Thursday, July 16, 2009

Lamentations 5: The Lure of Despair

During the summer, though I’ve been remiss in regularly posting, I’ve been trying to spend some time working through the nooks and crannies of the Bible—those back corners that, rightly or wrongly, don't come up as frequently as I'd like in courses or lectionary and haftorah readings. (And yes, I too ask myself why I don’t just go to the beach like everyone else.)

So I’ve re-read Habakkuk, and the third letter of John, and, with no small joy (ironically), Lamentations. I’m not sure any Biblical book is so utterly bleak as Lamentations—not Job, nor Isaiah in its direst moments, nor a griping minor prophet like Amos. Because so far as I can tell, the author of Lamentations commits the gravest of sins: he despairs.

Lamentations is exactly what it sounds like—a collection of poems bewailing the fraught state of the world. Though it was likely written later, most scholars believe that the Lamentations author’s main purpose is to grieve the destruction of the temple in Jerusalem.

Tradition held that Jeremiah—yes, that Jeremiah—wrote both the book that bears his name and Lamentations. And while this thesis long ago fell by the wayside in scholarly circles, it has a certain logical appeal: an aging Jeremiah, sequestered in a writer’s garret, watches the city he tried to save with his prophecy fall … and despairs. (Many suggest that this story accounts for Lamentations’s placement after Jeremiah in the Christian Bible.)

Why do I make such a big deal of this notion, despair? Well, the poet and professor Geoffrey Hill, in discussing the verse of Gerard Manley Hopkins, makes a distinction between desolation and despair (and argues that the famously depressed Hopkins, even in his worst moods, only engages the former). Desolation, as Hill would say more beautifully than I ever could, is the dark night of the soul; every dark night, however, has a morning. (Wow, I should start writing pop songs.)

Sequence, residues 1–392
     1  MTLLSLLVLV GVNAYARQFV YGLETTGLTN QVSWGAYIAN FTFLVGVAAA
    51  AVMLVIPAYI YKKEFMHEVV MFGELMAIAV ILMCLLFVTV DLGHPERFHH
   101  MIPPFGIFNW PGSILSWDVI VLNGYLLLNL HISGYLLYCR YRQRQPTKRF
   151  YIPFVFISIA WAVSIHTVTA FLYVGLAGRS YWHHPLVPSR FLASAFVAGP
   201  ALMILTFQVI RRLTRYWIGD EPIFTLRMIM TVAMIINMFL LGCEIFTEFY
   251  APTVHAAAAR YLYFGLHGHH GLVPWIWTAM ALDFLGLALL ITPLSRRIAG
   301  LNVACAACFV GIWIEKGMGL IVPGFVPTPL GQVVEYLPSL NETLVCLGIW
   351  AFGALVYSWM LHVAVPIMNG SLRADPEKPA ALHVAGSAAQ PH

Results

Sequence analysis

Despair, on the other hand, marks the end of hope. And utter hopelessness is sinful (and perhaps utterly sinful) because it marks a lack of faith in the divine covenant: the promise that God will ultimately redeem and lift up his people. Both Marlowe and Goethe play with the notion that Faust’s worst mistake is not selling his soul to the devil, but nearly believing that God cannot or will not win him back.

Now, all the prophets—and Jesus and Paul, for that matter—deal quite readily in desolation. All condemn sinners—be they early Israelites or early Christians—for falling away from the true path and predict terrible, graphic punishments as recompense. And every one knows the unimaginably powerful violence of divine wrath. But to a man, every one also has faith—no matter how briefly expressed—that God will ultimately relent in his anger and deliver on his beautiful promises of salvation.

This is why all the prophets work in a predictable cycle of condemnation, punishment, and consolation. But not, so far as I can tell, the author of Lamentations. For though he plays hope like a child with a toy, he ultimately sees fit to abandon it. (What a terrible metaphor.)